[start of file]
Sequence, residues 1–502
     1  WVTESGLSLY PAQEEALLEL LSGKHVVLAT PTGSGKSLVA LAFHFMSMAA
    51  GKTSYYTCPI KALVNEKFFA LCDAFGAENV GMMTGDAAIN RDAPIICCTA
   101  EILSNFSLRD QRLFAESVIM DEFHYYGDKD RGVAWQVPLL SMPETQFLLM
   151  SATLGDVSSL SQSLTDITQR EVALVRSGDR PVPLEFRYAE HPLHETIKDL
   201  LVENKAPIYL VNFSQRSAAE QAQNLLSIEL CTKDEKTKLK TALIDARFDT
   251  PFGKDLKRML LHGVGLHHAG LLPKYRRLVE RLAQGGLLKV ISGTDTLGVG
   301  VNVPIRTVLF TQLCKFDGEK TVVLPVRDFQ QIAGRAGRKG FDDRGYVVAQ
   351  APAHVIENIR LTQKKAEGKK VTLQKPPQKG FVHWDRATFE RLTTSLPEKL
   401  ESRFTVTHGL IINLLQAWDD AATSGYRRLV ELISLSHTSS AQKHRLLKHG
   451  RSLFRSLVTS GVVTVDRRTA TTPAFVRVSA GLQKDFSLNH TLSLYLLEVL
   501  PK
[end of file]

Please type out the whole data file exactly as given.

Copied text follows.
Sequence, residues 1–502
     1  WVTESGLSLY PAQEEALLEL LSGKHVVLAT PTGSGKSLVA LAFHFMSMAA
    51  GKTSYYTCPI KALVNEKFFA LCDAFGAENV GMMTGDAAIN RDAPIICCTA
   101  EILSNFSLRD QRLFAESVIM DEFHYYGDKD RGVAWQVPLL SMPETQFLLM
   151  SATLGDVSSL SQSLTDITQR EVALVRSGDR PVPLEFRYAE HPLHETIKDL
   201  LVENKAPIYL VNFSQRSAAE QAQNLLSIEL CTKDEKTKLK TALIDARFDT
   251  PFGKDLKRML LHGVGLHHAG LLPKYRRLVE RLAQGGLLKV ISGTDTLGVG
   301  VNVPIRTVLF TQLCKFDGEK TVVLPVRDFQ QIAGRAGRKG FDDRGYVVAQ
   351  APAHVIENIR LTQKKAEGKK VTLQKPPQKG FVHWDRATFE RLTTSLPEKL
   401  ESRFTVTHGL IINLLQAWDD AATSGYRRLV ELISLSHTSS AQKHRLLKHG
   451  RSLFRSLVTS GVVTVDRRTA TTPAFVRVSA GLQKDFSLNH TLSLYLLEVL
   501  PK